What are hailstones and how are they made?

What are hailstones and how are they made?

The simple science twins are back to answer more of your questions; this one is all about hailstones and it comes in from five year old Matthew who can sometimes be found over on Office Mum’s blog. Matthew would like to know…

What are hailstones and how are they made?


What are hailstones?

Hailstones are small lumps of ice that form in the clouds and fall to the ground when their size reaches 5 mm in diameter, or larger.

They begin as water droplets that freeze in the clouds.

How are they made?

Hailstones are made in certain kinds of clouds, called CULUMONIMBUS. These are thunder clouds and if the cloud is large enough and the winds are strong enough, hailstones can be formed.

Firstly, the cloud contains tiny droplets of water. Under the right conditions, these droplets are blow to the top of the cloud by strong winds, called UP-DRAFTS. The temperatures at the top of the cloud are a lot lower than at the bottom so the water droplets freeze rapidly. Then they can be caught by winds, called DOWN-DRAFTS that carry the frozen droplet back down to the lower part of the cloud. It gets lifted again, by another up-draft and combines with another droplet of water, which freezes, forming a larger lump of ice.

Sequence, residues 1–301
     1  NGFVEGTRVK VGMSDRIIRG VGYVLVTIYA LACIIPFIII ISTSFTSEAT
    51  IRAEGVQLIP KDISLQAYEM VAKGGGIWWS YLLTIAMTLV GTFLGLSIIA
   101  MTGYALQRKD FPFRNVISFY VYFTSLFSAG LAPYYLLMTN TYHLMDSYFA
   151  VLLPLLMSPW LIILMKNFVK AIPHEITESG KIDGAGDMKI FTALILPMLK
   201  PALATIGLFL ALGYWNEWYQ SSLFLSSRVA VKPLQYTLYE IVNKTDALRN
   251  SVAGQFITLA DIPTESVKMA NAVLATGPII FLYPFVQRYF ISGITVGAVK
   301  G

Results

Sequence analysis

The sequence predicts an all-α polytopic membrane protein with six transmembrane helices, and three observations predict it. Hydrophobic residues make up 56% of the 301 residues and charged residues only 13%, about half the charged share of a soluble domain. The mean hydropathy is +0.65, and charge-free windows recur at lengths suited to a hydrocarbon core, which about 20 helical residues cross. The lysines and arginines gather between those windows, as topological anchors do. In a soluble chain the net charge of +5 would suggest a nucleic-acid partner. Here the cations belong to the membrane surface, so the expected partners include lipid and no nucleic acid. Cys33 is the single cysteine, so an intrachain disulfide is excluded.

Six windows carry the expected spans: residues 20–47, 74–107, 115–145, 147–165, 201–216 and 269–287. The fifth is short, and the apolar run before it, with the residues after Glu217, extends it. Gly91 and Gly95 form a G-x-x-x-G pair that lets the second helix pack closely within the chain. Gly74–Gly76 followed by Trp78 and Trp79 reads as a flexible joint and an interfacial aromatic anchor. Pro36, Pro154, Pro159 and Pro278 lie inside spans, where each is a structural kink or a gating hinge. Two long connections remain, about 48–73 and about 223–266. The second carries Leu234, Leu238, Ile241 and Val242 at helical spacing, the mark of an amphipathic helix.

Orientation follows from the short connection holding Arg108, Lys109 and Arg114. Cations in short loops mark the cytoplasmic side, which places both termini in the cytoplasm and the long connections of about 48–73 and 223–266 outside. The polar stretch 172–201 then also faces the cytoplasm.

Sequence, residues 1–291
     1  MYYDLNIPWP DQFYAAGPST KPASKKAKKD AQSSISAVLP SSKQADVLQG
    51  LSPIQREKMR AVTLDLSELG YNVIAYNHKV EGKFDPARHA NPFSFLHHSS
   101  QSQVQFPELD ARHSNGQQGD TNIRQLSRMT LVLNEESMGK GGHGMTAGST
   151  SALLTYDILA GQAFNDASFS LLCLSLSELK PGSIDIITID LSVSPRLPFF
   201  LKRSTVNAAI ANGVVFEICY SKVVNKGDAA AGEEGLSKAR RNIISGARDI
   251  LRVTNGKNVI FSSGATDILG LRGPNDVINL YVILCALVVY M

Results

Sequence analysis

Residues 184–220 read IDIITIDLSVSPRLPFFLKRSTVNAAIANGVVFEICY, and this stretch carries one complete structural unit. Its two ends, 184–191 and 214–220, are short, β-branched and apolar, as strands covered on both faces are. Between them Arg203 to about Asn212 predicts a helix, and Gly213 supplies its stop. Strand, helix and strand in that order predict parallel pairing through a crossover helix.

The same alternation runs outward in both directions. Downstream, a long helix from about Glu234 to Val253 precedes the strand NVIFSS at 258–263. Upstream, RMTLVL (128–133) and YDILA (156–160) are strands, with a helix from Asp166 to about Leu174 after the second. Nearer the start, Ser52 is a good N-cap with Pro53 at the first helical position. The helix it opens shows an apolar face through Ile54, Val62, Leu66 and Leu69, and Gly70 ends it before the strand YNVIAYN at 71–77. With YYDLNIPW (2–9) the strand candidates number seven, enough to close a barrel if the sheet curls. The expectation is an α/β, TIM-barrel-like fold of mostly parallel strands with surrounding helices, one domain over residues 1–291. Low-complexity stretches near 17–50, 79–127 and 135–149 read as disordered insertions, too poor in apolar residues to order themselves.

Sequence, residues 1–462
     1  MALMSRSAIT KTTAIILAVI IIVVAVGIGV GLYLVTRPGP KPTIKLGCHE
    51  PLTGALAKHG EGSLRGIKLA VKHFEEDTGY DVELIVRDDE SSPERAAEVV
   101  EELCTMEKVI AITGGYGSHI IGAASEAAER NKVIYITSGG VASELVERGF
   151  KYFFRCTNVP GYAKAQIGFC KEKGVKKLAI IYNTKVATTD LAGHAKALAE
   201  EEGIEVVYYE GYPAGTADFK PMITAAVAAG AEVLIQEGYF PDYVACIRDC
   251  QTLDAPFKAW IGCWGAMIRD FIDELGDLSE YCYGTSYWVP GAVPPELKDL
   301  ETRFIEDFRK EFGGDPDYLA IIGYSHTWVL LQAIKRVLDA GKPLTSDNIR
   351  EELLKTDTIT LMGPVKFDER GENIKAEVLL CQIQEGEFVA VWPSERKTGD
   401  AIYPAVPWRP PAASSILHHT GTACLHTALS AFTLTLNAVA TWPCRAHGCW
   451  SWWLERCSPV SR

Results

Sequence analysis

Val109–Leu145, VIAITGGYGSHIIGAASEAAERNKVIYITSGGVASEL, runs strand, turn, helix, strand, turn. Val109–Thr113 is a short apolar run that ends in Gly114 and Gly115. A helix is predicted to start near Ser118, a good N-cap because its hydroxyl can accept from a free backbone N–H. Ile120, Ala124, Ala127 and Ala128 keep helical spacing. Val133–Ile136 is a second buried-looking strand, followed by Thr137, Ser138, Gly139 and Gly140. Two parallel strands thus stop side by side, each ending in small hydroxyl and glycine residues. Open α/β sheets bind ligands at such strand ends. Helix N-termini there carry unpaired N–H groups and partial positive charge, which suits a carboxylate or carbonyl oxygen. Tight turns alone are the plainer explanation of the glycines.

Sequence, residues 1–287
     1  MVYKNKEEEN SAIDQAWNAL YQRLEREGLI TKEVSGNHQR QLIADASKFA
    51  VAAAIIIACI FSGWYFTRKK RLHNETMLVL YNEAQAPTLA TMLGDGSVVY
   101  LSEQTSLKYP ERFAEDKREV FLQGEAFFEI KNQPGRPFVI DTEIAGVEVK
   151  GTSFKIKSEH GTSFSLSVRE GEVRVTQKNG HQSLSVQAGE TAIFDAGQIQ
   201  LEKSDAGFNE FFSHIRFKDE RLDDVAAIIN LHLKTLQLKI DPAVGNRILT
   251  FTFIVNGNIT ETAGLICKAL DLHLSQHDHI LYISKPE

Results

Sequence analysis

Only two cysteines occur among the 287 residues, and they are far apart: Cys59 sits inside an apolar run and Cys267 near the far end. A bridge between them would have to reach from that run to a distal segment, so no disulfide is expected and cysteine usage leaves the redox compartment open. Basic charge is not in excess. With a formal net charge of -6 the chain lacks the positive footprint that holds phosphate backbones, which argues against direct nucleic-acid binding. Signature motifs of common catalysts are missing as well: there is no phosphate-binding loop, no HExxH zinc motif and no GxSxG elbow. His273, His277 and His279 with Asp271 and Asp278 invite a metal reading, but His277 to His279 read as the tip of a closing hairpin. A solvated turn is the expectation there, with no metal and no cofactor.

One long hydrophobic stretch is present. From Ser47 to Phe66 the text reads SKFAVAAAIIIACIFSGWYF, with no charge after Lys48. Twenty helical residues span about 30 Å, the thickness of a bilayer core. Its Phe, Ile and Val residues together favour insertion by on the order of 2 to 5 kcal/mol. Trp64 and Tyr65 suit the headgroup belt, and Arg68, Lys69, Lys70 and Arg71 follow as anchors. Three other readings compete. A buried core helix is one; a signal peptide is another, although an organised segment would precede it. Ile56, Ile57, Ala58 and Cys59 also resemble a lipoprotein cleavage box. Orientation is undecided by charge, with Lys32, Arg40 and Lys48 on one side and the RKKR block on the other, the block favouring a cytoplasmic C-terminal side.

Every time it travels up to the top of the cloud it merges with more droplets and gets larger, freezing in layers, until eventually it is too big and heavy to stay in the cloud and it falls to the ground as hail.

Hailstones usually fall once they are larger than 5 mm in diameter.

The size of the hailstones depends on the up-drafts and down-drafts and the general weather conditions. When the up-drafts become stronger the thunder clouds grow taller, allowing the droplets to be carried higher into colder temperatures. This usually leads to larger hailstones.

The largest hailstone ever recorded was 20 cm in diameter and weighed 0.88 kg. It fell in Vivian, South Dakota, USA on July 23rd, 2010.

What is the difference between snow and hailstones?

Hailstones are made up of layers of frozen ice whereas snow is a symmetrical crystal of ice, usually a snowflake.

Hailstones are much heavier than snowflakes and fall at a greater speed.

Snow is usually formed during the colder months of the year, in Winter or Spring whereas hailstones can be made at any time of the year. That is why we sometimes get them in the Summer months.


Thanks so much to Matthew for sending in this great question. If you have a question that you’d like the simple science twins to answer, send it in to me at drhowsciencewows@gmail.com or leave it in the comments below.


Mystery Creature – June 2017

Mystery Creature – June 2017

We’re heading to the deep blue sea for this month’s Mystery Creature. Not the prettiest looking animal, and it certainly has some very unusual features; it’s a bit of a living fossil, do you know what it is?

Image credit:By Peter Southwood (Own work) [CC BY-SA 3.0 (http://creativecommons.org/licenses/by-sa/3.0)], via Wikimedia Commons